Wednesday, December 13, 2023

BREAKING: FAREWELL, DAN MCCAULEY: Finchem's I'm-Old-So-I-Don't-Care-If-I'm-Disbarred Attorney Is Relieved Of His Duties In Election Contest Appeal

UPDATE, 12/20, 4:45pm: "FAREWELL, DAN MCCAULEY: Finchem's I'm-Old-So-I-Don't-Care-If-I'm-Disbarred Attorney Is Relieved Of His Duties In Election Contest Appeal; Oral Argument Vacated, But No Extension"

The Court of Appeals again wasted no time in rejecting Mark Finchem's latest effort to delay his 2022 Election Contest appeal. Dan McCauley, his attorney who famously told the trial judge that he took the case because he was ready to retire (even involuntarily) is now off the case.

However, the judges vacated the oral arguments scheduled for January 31 and said they would proceed to conference and proceed with the opinion process at that point... unless Finchem's new counsel convinces them otherwise.
UPDATE, 12/19, 2pm: "BREAKING: IF AT FIRST... - Mark Finchem Tries Again To Get His, Uh, Disciplined Attorney Out Of His 2022 Election Contest Appeal"

It took Court of Appeals judges just one day last week to reject efforts by Mark Finchem's attorney to withdraw from the Election Contest appeal and to set the calendar back by more than a year. He has refiled the requests with a bit more detail, and that might be enough to partly succeed.

Last week's effort (below) from attorney Dan McCauley simply stated that the requests were because of a finding by the State Bar in his disciplinary proceeding. That was too vague for either Defendant Adrian Fontes or the appellate judges.

This week's efforts (below) note that the attorney who represented McCauley in the disciplinary proceeding believed that a conflict of interest existed between McCauley and Finchem, and that the briefs should be withdrawn. McCauley includes a statement from Mark Finchem, as well.

Fontes's counsel (Craig Morgan) has responded, indicating that the additional information supports McCauley's withdrawal. However, he argues to the judges that they should not give Finchem four months to find new counsel and then re-brief the appeal.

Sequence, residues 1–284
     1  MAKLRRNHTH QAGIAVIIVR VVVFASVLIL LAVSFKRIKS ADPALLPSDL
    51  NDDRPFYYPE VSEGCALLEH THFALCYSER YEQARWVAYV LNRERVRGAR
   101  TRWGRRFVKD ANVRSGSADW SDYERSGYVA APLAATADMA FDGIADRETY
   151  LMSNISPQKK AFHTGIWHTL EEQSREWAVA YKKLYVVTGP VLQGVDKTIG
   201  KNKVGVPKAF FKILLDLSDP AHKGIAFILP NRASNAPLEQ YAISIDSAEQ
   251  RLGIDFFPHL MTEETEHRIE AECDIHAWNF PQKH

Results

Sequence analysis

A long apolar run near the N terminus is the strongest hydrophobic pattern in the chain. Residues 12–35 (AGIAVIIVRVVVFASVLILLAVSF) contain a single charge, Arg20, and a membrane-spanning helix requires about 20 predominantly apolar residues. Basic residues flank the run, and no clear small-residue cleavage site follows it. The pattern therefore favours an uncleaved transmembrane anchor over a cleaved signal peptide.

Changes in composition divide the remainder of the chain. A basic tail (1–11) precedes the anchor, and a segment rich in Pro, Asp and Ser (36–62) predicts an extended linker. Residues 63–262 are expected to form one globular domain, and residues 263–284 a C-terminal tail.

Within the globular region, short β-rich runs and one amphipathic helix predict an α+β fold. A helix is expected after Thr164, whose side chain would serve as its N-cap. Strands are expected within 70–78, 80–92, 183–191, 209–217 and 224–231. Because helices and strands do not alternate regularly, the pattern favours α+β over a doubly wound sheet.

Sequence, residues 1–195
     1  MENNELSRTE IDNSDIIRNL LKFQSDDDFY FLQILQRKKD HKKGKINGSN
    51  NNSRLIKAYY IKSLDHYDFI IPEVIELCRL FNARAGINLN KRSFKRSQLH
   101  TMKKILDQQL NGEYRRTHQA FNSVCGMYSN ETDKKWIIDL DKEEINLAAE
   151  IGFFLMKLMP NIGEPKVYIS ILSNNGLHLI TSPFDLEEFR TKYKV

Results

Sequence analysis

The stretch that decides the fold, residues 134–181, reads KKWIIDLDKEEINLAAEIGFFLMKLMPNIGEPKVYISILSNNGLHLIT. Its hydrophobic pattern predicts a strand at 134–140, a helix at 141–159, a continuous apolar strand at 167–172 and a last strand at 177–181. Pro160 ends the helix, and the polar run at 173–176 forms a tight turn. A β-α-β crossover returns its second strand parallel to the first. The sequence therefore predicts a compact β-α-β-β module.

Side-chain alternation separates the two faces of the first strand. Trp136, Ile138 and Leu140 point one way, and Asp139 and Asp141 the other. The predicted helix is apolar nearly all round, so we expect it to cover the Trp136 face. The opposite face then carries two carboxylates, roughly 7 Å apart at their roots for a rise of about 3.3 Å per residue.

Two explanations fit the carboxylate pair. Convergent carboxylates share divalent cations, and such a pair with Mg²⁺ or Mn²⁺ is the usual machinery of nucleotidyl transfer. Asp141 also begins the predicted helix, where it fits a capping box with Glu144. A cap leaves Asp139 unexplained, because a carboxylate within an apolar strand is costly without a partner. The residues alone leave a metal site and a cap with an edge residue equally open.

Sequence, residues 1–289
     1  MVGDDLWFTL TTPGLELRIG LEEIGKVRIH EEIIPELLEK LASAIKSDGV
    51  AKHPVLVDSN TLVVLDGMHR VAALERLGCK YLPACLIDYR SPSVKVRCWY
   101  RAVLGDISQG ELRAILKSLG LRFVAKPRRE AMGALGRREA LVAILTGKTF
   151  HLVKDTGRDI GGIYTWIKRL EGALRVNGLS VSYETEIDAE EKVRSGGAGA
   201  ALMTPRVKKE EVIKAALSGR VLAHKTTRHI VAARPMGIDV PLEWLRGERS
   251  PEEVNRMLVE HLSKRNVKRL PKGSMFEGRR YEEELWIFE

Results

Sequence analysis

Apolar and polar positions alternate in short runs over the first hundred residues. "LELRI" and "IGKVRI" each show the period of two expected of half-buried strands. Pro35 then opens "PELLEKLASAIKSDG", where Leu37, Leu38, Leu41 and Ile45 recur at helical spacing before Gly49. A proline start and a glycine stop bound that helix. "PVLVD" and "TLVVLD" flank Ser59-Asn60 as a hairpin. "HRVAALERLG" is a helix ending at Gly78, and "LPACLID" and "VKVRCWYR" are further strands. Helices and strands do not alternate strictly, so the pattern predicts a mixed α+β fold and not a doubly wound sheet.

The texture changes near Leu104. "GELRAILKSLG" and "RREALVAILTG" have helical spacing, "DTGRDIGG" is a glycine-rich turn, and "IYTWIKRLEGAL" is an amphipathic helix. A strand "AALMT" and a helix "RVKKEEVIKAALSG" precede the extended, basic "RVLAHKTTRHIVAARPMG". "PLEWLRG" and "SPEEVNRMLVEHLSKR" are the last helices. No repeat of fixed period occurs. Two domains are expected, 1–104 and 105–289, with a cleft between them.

Alternatively, he argues, Finchem should be responsible for reimbursing Fontes for the attorneys' fees associated with the initial briefing (if there will be new briefs required).

Oral arguments in this long-languishing appeal - which (currently) focuses solely on the $48,000 in sanctions assessed by the trial court - are scheduled for January 31.

UPDATE, 5:15pm: "Mark Finchem's Attorney SETTLES Bar Disciplinary case before Jan. 17 hearing"

The State Bar of Arizona has told Arizona's Law that Daniel McCauley has settled the Bar's disciplinary Complaint against him. Although they would not divulge the terms of the settlement, it is apparent that McCauley (and his attorney) believe that withdrawing from the ongoing appeal of the sanctions against both him and (his client) Mark Finchem was necessary.

Adrian Fontes objected to McCauley's withdrawal partly based upon the failure to elaborate on the Bar's finding. Below is the Bar's Complaint filed in August, McCauley's Answer filed in October, and the Notice of Settlement.

The Bar's proceeding against McCauley was scheduled to go before a judge on January 17.

The Bar's Complaint goes point by point through the Election Contest allegations McCauley presented to the judge last year, noting which ones he knew or should have known were false.

Today's news comes one day after the Washington Post reported that similar Complaints are pending against Kari Lake attorneys Bryan Blehm, Kurt Olsen and Andrew Parker.
ORIGINAL ARTICLE, 12/13 at 4:45pm: "BREAKING: Court REJECTS Mark Finchem's Attorney's Effort To Escape The Election Contest Sanctions Appeal Because Of State Bar Disciplinary Action"

Mark Finchem's ready-to-be-disbarred-because-I'm-old attorney, Daniel McCauley, tried to use the disciplinary proceeding to escape from his appeal of the $48,000 in sanctions AND reset the appeal back to square one. The Court of Appeals swiftly rejected the effort.

Yesterday, McCauley asked to withdraw from the appeal and to cancel the briefs he had already filed in the election contest case. He noted that it was because of the "finding by the State Bar of Arizona, in PDJ 2023-9064". However, he did not elaborate on what the finding was that caused a conflict between him and his client.

McCauley famously told the trial judge in the case that he represented Finchem because he was ready to retire and was thus less concerned about the State Bar disbarring him.

Defendant Adrian Fontes, who defeated Finchem in the 2022 election for Secretary of State, opposed the Emergency Withdrawal. He explained to the court that it would be inappropriate to send the appeal process back to day one, when oral argument was already scheduled for January 31, 2024.

The Court of Appeals agreed. Today, they rejected Finchem's motions and stated that they did not comply with court rules.

Arizona's Law has requested the State Bar's finding against McCauley and will update as warranted.


This article was reported by AZ Law founder Paul Weich. 

"AZ Law" includes articles, commentaries and updates about opinions from the Arizona Supreme Court, U.S. Supreme Court, as well as trial and appellate courts, etc. AZ Law is founded by Phoenix attorney Paul Weich, and joins Arizona's Politics on the internet. 

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